§ Considered in Committee, pursuant to the Order of the House this day.
§ [Colonel CLIFTON BROWN in the Chair.]
§ CLAUSE 1 ordered to stand part of the Bill.
§ CLAUSE 2.—(Release of, and payment for, securities and income.)
§ Motion made, and Question proposed, "That the Clause stand part of the Bill."
§ Sir John Mellor (Tamworth)
I wish to raise a point with regard to Sub-section (4) of Clause 2, which begins as follows:(4) On the placing of the disposal of the Treasury of any security any right conferred by this Section to release or payment in respect of the security, or to payment in respect of any income or other payment arising there from, shall vest in the person who, immediately before the placing thereof at the disposal of the Treasury, was entitled (whether as bailee or otherwise) to possession of the documents of title to the security. …I wish to ask what will be the position of a registered shareholder of shares which will be affected by this Bill who has deposited his certificates with someone as security for a loan. Under this provision, as I read it, when the shares are pledged the Government, in making any payment whether of capital or on account of income, will recognise only the person with whom the certificate had originally been deposited In fact, the shareholder will be ignored altogether. In the case of a bearer security, I do not see that it would make any difference, but in the case of a registered share probably what had been happening was that the shareholder received his dividend direct from the company and he had merely deposited his certificate, probably without any transfer attached to it, with a person as security for a capital sum. I do not think this will work very satisfactorily from the 1208 point of view of a shareholder in that position, and I should be very grateful if whoever replies would give some assurance on that point, namely, that the shareholder, in a case where he has deposited his certificate as security, will not altogether be ignored.
§ The Attorney-General (Sir Donald Somervell)
My right hon. Friend will certainly look into that case. If you take the ordinary case where a share certificate has been deposited with a bank, the owner would have to get it out of the bank in order to be able to deliver it to the Treasury. Normally he might have to pay off the loan in order to get it out of the bank, and that, of course, might be inequitable. I do not think, however, that this problem is likely to arise in practice, but my right hon. Friend will certainly look into it, with a view to seeing how the position might be met within the words of the Bill. It really comes to this: when the shares are called for, it is the duty of the owner to deliver them, and, of course, if he holds them free of any lien or charge, no difficulty arises, but if there is a charge upon them, and if he has not got them to deliver and cannot obtain them without paying off a loan, that would be a case to be specially considered. Naturally, there is no desire to put such burdens on people, and the position will therefore be specially considered.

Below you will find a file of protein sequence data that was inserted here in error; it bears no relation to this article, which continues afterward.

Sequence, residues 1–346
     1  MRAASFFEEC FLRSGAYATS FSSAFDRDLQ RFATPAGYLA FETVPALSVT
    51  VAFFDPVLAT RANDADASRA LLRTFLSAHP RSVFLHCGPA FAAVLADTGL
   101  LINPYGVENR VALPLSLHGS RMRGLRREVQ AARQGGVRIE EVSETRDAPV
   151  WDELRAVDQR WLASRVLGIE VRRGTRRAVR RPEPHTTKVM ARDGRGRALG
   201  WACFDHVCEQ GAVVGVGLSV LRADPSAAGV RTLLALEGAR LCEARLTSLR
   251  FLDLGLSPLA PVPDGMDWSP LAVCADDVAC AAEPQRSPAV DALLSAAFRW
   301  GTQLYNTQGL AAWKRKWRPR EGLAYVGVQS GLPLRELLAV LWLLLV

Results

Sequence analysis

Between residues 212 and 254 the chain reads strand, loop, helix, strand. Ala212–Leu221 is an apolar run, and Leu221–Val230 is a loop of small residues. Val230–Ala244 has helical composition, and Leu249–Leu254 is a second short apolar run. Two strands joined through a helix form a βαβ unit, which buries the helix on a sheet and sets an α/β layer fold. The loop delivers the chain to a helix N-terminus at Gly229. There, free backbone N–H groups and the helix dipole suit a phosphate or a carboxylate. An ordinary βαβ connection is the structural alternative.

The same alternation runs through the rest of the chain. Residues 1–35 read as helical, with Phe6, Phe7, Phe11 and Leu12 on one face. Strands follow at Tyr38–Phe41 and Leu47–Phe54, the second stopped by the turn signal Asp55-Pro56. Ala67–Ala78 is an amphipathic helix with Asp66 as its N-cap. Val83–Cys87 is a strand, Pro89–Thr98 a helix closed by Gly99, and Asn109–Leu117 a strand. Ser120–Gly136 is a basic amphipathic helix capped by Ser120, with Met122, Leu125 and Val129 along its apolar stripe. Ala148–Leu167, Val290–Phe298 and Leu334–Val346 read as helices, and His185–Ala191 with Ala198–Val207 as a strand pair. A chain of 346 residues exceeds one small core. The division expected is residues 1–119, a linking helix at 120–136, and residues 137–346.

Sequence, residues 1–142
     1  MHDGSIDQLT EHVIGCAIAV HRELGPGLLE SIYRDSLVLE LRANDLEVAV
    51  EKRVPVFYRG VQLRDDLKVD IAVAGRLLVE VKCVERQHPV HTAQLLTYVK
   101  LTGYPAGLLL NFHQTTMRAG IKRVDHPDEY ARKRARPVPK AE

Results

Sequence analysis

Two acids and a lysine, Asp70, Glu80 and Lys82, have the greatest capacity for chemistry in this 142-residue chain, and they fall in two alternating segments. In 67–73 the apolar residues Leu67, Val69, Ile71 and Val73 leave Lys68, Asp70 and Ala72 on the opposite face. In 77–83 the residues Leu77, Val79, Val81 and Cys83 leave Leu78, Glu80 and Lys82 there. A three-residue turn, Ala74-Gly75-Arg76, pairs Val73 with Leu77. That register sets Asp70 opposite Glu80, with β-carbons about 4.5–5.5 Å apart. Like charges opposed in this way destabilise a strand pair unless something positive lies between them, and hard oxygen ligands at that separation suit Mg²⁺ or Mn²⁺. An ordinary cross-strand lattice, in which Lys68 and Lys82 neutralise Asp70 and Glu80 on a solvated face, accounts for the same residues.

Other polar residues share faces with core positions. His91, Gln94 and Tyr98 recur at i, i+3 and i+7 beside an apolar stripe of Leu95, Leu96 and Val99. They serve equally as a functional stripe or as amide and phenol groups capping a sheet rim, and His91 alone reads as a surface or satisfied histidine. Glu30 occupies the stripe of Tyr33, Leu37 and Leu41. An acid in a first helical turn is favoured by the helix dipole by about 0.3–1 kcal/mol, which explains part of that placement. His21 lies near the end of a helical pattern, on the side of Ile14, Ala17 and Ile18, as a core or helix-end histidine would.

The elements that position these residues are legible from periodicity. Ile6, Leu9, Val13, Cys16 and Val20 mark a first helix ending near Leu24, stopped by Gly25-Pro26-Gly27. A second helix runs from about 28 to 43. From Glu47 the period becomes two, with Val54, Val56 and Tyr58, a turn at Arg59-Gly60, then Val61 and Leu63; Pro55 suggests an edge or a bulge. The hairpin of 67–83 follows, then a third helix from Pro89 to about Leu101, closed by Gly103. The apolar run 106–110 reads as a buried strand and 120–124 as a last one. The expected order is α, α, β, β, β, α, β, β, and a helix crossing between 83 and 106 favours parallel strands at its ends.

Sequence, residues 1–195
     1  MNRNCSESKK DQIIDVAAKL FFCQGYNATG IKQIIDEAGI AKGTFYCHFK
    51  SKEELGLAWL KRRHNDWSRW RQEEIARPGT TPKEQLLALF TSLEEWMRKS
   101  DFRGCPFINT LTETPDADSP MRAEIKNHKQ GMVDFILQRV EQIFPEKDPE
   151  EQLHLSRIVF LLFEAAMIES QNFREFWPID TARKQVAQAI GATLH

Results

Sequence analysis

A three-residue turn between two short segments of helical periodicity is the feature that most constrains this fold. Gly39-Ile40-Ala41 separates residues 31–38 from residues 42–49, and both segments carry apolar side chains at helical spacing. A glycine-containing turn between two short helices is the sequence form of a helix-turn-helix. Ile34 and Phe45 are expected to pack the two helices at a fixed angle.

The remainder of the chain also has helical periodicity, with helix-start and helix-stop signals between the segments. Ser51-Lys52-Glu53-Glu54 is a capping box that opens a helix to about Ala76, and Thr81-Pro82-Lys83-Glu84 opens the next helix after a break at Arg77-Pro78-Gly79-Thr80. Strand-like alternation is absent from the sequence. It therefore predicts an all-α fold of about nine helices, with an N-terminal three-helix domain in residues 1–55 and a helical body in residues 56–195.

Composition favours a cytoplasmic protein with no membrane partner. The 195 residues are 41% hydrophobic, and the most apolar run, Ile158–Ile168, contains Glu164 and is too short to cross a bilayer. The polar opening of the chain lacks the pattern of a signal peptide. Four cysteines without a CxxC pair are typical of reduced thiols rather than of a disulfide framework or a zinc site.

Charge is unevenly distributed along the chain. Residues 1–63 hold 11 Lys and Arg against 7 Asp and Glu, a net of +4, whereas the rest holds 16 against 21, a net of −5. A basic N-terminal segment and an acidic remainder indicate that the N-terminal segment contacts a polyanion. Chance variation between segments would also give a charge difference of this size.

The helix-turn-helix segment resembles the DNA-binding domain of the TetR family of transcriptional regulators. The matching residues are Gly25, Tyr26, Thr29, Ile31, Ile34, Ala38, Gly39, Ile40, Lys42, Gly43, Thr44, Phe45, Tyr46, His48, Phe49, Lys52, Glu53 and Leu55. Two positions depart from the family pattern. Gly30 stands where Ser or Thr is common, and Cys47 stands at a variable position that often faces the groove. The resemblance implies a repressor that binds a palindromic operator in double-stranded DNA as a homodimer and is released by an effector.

§ Sir J. Mellor
But may I draw the attention of my right hon. and learned Friend to paragraph 6 (1) of the Draft Regulations? It begins in this way:6.—(1) In these regulations the expression owner,' in relation to any security, includes any person who has power to sell or transfer the security, or who has the custody thereof. …I suggest, therefore, that what would happen in practice would be that the Government would require the banker—or whomsoever the security was deposited with—to deliver the security—that is, the certificate—to them and that, except that they might require the shareholder to execute a transfer so that the security became saleable, they would not have to require the shareholder to do anything or to pay off his loan. That would remain secured by such rights as the banker would have to receive payment from the Government. My point was that the banker or whoever else the certificate may have been deposited with would not only 1209 receive payments on capital account, but would also receive payments in respect of income, and I suggest that that would very definitely alter the position of the shareholder.
§ The Attorney-General
I understand that it would not have the effect my hon. Friend says, though I am not disputing that the words might not cover the action he is suggesting. I understand that it would be the pledge—the owner—who would be directed to deliver the securities, and if he said it was difficult or impossible for him to do so owing to the fact that he had pledged them, that would be considered as a special pledge. Perhaps my hon. Friend will leave it at that for the moment, and may right hon. Friend will communicate with him as to how it is intended to deal with the class of case which he has in mind and which I quite agree is one that we wish to see properly dealt with.
§ Question, "That the Clause stand part of the Bill," put, and agreed to.
§ Clauses 3 and 4 ordered to stand part of the Bill.
§ Bill reported, without Amendment; read the Third time, and passed.